Improving the C-MAC video laryngoscopic view when applying cricoid pressure by allowing access of assistant to the video screen.
Terence E Loughnan, Eric Gunasekera, and Tze Ping Tan.
Department of Anaesthesia and Acute Pain Management, Peninsula Health, Frankston, Victoria, Australia. firstname.lastname@example.org
Anaesth Intensive Care. 2012 Jan 1;40(1):128-30.
Videolaryngoscopic view using the C-MAC is improved when the anesthesia assistant applying cricoid pressure also has access to see the C-MAC screen.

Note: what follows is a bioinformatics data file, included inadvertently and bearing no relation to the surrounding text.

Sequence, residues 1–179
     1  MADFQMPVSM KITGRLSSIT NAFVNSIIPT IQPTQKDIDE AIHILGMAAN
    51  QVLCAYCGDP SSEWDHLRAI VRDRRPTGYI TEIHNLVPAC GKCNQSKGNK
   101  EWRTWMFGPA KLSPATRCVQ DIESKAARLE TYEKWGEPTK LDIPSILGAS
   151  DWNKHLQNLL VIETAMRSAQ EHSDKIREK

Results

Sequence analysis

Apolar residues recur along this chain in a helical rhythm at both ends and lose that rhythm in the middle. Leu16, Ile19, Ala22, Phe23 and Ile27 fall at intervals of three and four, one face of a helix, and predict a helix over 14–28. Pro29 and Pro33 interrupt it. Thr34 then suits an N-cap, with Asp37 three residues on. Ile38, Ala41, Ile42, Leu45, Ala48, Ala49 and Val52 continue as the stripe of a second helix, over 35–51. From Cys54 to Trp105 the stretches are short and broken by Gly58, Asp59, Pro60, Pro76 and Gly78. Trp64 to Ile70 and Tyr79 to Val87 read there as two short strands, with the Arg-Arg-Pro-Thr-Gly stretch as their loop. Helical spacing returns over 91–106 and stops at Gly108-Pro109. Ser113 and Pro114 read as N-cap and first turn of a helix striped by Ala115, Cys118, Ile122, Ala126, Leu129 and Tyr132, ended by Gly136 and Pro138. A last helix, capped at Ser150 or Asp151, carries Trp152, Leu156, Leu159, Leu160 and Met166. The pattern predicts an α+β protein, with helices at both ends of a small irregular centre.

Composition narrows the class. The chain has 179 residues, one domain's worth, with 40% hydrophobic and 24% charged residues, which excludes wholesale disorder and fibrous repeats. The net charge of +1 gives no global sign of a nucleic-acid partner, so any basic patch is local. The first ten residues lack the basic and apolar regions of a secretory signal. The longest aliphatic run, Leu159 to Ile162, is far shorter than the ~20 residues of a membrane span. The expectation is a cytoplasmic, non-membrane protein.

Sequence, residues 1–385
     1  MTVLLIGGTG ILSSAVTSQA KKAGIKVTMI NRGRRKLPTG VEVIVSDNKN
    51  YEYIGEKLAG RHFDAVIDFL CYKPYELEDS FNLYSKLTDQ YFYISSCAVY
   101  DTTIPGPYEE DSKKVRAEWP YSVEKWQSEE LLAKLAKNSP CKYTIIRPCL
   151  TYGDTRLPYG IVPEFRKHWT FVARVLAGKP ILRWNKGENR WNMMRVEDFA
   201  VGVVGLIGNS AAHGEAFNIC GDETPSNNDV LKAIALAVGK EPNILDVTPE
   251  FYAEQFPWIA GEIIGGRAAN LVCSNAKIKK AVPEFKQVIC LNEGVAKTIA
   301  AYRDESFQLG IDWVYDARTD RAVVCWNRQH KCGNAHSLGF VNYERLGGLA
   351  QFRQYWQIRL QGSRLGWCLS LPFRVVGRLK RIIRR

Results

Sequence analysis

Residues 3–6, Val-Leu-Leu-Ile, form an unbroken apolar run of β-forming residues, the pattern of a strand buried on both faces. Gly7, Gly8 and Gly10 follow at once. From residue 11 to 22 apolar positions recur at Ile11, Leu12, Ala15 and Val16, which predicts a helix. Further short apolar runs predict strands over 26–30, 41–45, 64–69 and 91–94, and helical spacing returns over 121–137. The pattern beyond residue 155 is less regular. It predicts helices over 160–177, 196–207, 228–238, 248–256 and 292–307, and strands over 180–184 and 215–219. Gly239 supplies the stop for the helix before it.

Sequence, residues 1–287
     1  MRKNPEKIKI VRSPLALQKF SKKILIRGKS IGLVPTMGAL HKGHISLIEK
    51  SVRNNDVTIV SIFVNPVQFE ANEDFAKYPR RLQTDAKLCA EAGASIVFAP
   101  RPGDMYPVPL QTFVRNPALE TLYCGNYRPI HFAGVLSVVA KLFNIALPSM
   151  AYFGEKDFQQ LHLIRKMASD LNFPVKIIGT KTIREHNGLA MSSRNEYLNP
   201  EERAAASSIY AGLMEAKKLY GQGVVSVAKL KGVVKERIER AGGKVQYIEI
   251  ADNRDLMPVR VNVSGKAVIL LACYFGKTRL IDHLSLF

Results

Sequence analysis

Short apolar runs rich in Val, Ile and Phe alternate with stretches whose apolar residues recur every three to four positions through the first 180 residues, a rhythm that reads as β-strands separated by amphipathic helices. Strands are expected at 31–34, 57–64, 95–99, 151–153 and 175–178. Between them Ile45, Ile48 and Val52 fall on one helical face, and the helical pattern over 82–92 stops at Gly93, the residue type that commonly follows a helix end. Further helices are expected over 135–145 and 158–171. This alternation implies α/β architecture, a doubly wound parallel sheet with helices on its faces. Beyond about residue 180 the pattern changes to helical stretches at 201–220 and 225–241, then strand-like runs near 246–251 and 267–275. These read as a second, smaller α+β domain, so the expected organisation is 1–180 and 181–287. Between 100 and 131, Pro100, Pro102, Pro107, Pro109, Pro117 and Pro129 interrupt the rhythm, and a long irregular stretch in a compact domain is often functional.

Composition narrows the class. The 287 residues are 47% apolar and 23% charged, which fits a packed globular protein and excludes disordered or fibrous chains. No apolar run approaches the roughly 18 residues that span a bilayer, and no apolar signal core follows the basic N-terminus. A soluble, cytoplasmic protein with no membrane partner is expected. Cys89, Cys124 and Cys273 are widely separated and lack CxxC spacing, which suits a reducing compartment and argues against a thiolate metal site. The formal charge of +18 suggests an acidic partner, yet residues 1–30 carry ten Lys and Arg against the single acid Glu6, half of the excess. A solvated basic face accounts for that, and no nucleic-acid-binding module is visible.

AbstractCricoid pressure, as part of rapid sequence induction, may on occasion worsen laryngoscopic views and intubating conditions. We investigated whether allowing the assistant applying cricoid pressure to view the video laryngoscope screen would improve the laryngoscopic views compared to when they were blinded to the video screen. Laryngoscopy using the C-MAC video laryngoscope was performed in 51 patients undergoing elective general anaesthesia. Photographs were recorded sequentially under the following conditions: A) cricoid pressure by an assistant unable to see the video monitor, and B) cricoid pressure optimised by an assistant able to see the video monitor. These photographs were analysed offline by assessors blinded to whether the photo was obtained with blinded or non-blinded cricoid pressure application. Subjectively, 41% of views were improved when the assistant applying cricoid pressure was able to see the C-MAC screen, compared to those unable to see the screen. The view was unchanged in 45%, but initially worsened in 14%. These findings suggest that assistants applying cricoid pressure when a C-MAC is used should have access to the video image, but must also respond to requests for change from the person performing the intubation.